Book Image

Celtx: Open Source Screenwriting Beginner's Guide

Book Image

Celtx: Open Source Screenwriting Beginner's Guide

Overview of this book

Table of Contents (22 chapters)
Celtx: Open Source Screenwriting Beginner's guide
About the Author
About the Reviewers
List of Recommended Books on Screenwriting and Productions and Online Resources
Celtx's New Web Look and Smartphone Apps
Future Development of Celtx

Celtx's six biggies—its types of projects

If all Celtx did was format screenplays, it would still be a wonderful tool. However, Celtx is more. As is stated on the Celtx website (, "Celtx is the world's first fully integrated software for pre-production and collaboration of film, theatre, radio, AV, and comics." That is a lot!

So, let's get a brief introduction here to the six major project areas of Celtx. Throughout the rest of this book, we'll look at these areas in detail.


Film projects are screenplays for movies and television shows. Screenplays have very rigid format requirements. The names of characters must start a certain number of spaces from the left margin. Dialog has its own starting point. Top, bottom, left, and right margins all must be exact. The typeface must absolutely, positively, definitely be Courier 12 point.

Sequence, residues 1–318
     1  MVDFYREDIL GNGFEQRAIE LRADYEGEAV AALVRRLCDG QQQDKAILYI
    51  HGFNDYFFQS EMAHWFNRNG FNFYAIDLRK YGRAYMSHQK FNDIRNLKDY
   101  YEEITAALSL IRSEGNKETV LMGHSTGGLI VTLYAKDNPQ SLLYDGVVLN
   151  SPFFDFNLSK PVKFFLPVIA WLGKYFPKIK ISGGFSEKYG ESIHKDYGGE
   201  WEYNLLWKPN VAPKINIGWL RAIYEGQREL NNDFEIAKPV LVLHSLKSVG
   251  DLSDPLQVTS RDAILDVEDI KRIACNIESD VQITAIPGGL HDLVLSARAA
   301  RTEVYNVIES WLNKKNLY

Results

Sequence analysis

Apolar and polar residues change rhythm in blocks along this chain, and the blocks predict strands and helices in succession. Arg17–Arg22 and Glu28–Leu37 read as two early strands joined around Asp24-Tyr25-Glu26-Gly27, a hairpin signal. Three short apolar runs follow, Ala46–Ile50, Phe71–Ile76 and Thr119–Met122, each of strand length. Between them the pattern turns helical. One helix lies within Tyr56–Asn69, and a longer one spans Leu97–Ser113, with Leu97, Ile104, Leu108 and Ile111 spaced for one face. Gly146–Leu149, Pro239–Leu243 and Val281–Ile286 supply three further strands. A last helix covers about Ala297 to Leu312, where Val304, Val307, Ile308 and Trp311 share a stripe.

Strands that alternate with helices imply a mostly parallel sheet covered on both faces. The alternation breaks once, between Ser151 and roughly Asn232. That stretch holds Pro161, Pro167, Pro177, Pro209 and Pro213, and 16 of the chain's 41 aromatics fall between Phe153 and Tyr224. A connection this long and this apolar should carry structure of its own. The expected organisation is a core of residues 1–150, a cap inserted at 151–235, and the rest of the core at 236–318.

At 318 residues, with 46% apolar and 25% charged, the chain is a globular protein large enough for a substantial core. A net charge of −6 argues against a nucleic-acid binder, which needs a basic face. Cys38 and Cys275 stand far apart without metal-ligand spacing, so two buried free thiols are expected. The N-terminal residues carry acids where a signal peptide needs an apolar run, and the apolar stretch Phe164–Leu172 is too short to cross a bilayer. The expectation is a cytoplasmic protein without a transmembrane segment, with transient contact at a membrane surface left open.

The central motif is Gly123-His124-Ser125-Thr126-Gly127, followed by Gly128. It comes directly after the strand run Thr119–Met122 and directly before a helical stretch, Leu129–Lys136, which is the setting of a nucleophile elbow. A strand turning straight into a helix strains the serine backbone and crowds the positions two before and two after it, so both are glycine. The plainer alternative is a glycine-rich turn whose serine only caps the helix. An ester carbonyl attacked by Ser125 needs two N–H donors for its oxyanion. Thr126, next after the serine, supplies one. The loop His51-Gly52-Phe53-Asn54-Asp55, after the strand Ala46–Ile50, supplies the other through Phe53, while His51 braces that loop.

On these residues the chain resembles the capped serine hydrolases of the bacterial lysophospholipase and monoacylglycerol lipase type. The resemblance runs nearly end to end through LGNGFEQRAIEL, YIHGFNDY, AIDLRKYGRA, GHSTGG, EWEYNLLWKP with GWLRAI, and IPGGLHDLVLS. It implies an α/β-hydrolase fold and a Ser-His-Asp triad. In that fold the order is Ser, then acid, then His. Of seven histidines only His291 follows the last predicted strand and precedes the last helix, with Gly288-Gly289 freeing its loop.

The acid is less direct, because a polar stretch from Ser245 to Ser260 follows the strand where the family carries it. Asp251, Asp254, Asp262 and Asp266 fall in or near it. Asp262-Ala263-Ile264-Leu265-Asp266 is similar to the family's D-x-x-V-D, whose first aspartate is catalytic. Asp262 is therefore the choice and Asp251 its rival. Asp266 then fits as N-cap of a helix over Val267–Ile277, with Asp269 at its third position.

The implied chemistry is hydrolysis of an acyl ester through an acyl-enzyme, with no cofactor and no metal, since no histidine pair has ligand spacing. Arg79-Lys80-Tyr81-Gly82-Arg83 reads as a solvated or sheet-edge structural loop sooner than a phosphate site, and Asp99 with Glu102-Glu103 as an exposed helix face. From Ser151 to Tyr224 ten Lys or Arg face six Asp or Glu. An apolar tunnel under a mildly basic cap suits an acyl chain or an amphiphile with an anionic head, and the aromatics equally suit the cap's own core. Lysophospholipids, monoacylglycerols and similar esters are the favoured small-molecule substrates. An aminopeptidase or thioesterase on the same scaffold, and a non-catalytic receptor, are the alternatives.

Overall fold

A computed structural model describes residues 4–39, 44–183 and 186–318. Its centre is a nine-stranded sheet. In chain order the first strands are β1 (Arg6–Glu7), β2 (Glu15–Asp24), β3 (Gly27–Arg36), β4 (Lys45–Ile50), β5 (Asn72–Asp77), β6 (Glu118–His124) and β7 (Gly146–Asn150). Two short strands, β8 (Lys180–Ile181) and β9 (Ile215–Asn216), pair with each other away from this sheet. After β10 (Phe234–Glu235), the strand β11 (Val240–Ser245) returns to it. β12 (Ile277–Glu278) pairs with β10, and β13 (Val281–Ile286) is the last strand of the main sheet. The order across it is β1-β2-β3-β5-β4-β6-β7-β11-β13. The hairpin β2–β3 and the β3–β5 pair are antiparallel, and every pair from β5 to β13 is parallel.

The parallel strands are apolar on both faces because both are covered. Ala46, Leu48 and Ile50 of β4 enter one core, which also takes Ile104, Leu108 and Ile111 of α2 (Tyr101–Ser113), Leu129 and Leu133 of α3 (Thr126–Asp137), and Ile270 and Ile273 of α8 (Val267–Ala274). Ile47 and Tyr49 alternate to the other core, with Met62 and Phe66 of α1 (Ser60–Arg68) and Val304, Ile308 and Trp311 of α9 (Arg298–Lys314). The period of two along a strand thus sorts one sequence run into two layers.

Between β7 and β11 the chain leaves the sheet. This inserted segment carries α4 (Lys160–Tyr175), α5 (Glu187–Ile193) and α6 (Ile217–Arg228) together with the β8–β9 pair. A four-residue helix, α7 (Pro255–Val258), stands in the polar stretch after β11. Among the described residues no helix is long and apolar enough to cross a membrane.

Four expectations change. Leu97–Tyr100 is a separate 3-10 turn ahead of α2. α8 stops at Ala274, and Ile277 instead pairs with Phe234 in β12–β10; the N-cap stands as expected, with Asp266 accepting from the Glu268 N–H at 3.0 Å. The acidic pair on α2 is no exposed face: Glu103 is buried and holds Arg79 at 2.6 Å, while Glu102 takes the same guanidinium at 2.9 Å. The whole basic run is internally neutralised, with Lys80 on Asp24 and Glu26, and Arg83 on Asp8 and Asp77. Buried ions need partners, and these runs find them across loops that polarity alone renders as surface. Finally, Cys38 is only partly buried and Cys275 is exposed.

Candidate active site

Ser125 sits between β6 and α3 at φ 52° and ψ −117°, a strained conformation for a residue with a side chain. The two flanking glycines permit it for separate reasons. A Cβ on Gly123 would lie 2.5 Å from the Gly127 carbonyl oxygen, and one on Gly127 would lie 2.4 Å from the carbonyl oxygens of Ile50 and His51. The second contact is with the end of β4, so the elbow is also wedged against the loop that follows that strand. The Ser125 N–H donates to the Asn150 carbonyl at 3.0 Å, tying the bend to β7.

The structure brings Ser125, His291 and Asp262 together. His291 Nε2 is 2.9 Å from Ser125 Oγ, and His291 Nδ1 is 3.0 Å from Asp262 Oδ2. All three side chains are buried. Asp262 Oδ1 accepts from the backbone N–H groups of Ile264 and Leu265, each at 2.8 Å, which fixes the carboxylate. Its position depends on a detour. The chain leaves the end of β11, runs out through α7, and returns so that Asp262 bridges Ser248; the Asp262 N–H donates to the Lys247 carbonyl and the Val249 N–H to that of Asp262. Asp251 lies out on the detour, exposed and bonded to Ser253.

For reasons—both traditional and practical, Hollywood producers, agents, and managers have zero tolerance policies on any variance from accepted script standards.

Now you could calculate all these things manually. As a matter of fact, back in the mid 80's when I made my few sales to movie producers, I used a primitive word processing program and did that formatting manually. It was a major pain.